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The Leadless Pacemaker for Bradycardia


St. John’s Regional Medical Center is proud to be among the first hospitals in the area to offer the world’s smallest pacemaker to help treat patients with bradycardia*.

Recently approved by the U.S. Food and Drug Administration, the Micra® Transcatheter Pacing System (TPS) is a new device that provides patients with the most advanced pacing technology at one-tenth the size of a traditional pacemaker. The miniaturized heart device is designed to provide the most advanced pacing technology—all while being cosmetically invisible. The leadless pacemaker, unlike traditional pacemakers, does not require cardiac wires (leads)
or a surgical “pocket” under the skin to deliver a pacing therapy.
 

What is Bradycardia*?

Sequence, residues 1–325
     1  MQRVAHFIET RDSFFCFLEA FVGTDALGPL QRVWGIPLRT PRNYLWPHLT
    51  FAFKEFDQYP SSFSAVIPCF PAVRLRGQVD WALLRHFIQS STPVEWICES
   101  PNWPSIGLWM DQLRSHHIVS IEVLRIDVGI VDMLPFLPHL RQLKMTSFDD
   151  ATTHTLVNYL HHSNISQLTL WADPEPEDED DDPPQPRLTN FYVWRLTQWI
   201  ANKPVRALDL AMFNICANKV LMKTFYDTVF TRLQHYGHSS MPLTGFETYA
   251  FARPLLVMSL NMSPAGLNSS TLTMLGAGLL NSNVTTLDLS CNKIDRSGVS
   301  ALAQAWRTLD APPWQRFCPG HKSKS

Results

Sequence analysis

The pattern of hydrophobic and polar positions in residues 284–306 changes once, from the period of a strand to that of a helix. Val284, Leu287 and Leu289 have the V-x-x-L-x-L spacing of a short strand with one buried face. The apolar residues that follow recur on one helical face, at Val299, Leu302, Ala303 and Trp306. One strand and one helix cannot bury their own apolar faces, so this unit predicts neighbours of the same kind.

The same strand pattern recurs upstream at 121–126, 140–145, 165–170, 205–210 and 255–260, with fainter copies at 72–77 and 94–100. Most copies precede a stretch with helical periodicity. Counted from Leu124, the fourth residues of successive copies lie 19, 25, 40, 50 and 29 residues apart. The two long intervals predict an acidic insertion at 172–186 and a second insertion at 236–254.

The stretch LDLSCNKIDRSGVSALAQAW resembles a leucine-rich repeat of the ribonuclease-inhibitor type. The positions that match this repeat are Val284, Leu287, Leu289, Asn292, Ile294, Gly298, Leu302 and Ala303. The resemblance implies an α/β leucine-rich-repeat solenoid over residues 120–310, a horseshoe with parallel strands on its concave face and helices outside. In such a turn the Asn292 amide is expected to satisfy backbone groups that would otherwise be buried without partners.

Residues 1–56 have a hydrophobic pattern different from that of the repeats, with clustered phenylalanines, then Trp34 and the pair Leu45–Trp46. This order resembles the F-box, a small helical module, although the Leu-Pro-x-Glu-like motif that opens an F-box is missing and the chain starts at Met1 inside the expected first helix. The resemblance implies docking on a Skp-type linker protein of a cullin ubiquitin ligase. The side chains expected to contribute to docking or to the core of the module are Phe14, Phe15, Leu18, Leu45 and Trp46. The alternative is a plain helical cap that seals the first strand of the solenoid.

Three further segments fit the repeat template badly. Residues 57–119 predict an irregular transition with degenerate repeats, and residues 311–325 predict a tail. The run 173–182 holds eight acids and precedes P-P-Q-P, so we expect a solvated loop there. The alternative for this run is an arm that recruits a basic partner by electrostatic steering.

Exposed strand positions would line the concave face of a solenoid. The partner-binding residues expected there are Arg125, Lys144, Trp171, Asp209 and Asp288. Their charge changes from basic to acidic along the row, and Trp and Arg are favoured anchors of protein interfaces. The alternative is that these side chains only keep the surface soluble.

Bradycardia is a condition characterized by a slow or irregular heart rhythm, usually fewer than 60 beats per minute. At this rate, the heart is unable to pump enough oxygen-rich blood to the body during normal activity or exercise, causing dizziness, fatigue, shortness of breath or fainting spells. Pacemakers are the most common way to treat bradycardia to help restore the heart's normal rhythm and relieve symptoms by sending electrical impulses to the heart to increase the heart rate.

Click here to learn about Catheter Ablation, a treatment for Afib.